You’ll want to isolate your plant to prevent the spread of disease.

The first step in controlling mealybugs (and any other pests or diseases) is to isolate the plant. Mealybugs can spread rapidly from one plant to another, eventually taking over an entire garden if not controlled. Isolation will allow you to remove the bugs before they become a bigger issue.

For succulents in containers, this process is simple. Move the pot to an isolated part of your outdoor space or to a room indoors with no other plants. Here, you can be sure the mealybugs have nowhere else to go, making their eradication much less stressful.

For succulents planted out in the garden, removal is slightly trickier. For minor mealybug issues, it’s best to treat the plants in the garden as removing and replanting can lead to further stress. But, if mealybugs are taking over, removal is the best way to stop the spread in its tracks.

When you move your succulents, try not to change their environmental conditions too much. Control of mealybugs can take a couple of weeks and in that time, factors like lack of sunlight or cold temperatures can do some serious damage. Keeping your succulents healthy during the process will help them bounce back far quicker when the mealybugs are gone.

Step 2: Spray Them Down

Succulent getting water sprayed on it with a jet stream of water. Gardener using the sprayer is female, and she is using a plastic bottle with an orange nozzle to spray the plant.
Use a gentle stream of water to remove mealybugs.

Once you’ve isolated the plant, get a head start on removing as many bugs as possible by spraying down the succulents. A spray of water will help dislodge any masses of bugs, allowing you to target the stubborn ones that remain.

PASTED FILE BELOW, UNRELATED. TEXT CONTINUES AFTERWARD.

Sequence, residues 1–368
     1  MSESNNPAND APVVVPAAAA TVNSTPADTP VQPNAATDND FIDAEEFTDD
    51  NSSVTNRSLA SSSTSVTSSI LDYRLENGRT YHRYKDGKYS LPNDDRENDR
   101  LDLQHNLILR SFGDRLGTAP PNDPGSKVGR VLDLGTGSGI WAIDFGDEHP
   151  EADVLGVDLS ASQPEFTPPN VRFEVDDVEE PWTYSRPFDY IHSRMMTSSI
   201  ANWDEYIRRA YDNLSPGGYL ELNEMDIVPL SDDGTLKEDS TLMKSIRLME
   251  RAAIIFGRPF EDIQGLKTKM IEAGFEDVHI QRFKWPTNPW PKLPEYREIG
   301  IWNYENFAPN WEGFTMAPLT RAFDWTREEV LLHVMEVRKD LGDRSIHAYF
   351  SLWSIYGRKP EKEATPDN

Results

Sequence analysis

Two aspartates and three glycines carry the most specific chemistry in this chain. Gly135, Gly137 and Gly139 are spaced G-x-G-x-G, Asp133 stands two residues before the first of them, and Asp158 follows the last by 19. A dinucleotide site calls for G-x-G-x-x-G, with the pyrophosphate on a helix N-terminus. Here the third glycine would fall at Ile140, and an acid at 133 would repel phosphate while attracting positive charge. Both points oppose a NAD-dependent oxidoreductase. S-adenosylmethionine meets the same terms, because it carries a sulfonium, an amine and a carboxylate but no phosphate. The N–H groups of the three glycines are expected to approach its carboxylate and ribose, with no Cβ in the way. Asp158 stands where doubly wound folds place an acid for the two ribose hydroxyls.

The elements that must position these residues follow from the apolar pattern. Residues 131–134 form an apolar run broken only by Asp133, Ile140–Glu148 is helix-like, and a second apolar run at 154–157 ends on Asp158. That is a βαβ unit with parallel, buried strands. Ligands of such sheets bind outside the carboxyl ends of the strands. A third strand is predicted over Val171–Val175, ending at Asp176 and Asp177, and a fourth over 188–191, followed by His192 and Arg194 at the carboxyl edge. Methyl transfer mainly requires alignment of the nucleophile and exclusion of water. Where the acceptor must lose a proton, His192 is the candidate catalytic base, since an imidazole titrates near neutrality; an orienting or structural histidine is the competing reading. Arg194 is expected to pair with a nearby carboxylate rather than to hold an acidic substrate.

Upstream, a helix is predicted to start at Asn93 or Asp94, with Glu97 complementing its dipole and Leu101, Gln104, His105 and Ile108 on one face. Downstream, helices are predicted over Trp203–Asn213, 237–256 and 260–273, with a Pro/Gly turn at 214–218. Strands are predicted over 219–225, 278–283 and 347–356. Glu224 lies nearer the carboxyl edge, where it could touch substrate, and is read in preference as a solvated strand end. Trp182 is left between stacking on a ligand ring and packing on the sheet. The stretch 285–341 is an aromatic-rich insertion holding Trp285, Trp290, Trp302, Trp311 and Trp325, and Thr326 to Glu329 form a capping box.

When spraying your succulents, make sure you use a gentle stream of water. Depending on the species of succulent you have, a strong spray may knock some of the leaves off the plant. Some damaged leaves may drop off even with a gentle spray of water, but these would likely drop off anyway later on.

Since succulents are sensitive to overwatering and root rot, try to spray only the leaves were possible, especially if you have recently watered.

Step 3: Apply Rubbing Alcohol

Woman wiping down the leaves of her plant in a plastic pot. The woman is wiping the plant, and next to the pot is a green spray bottle filled with water. There is also a trowel sitting on the table.
Rubbing alcohol can be used to remove mealybugs, amongst other options.

Next, it’s time to tackle the bugs that are left. Although there are a number of treatment options you can consider, the one most succulent gardeners swear by is rubbing alcohol. Known as isopropyl alcohol, this will kill the mealybugs on contact, allowing you to wipe them off and stopping their spread.

Use 70% isopropyl alcohol for the best result, applied using a spray bottle. You can also dab some alcohol on a cotton swab to target the bugs individually, but due to their compact structure, it can be difficult to get them all this way.

Applied correctly, the alcohol won’t damage the plant, but it will seriously damage the mealybugs. Make sure you spray all parts of the plant, getting in between the leaves and around the stem, to kill them on contact.

Unfortunately, even if you’re very careful, you may not get all of them with this initial application. If you see a resurgence in the next couple of days or weeks, spray again until any mealybug signs are completely gone.

Step 4: Use Neem Oil

Woman spraying potted plant with a neem oil solution. The plant is sitting in a ceramic pot with a bronze rim at the top. She is using a yellow plastic spray bottle to spray the solution.
Neem oil is a good alternative to use for treating mealybugs.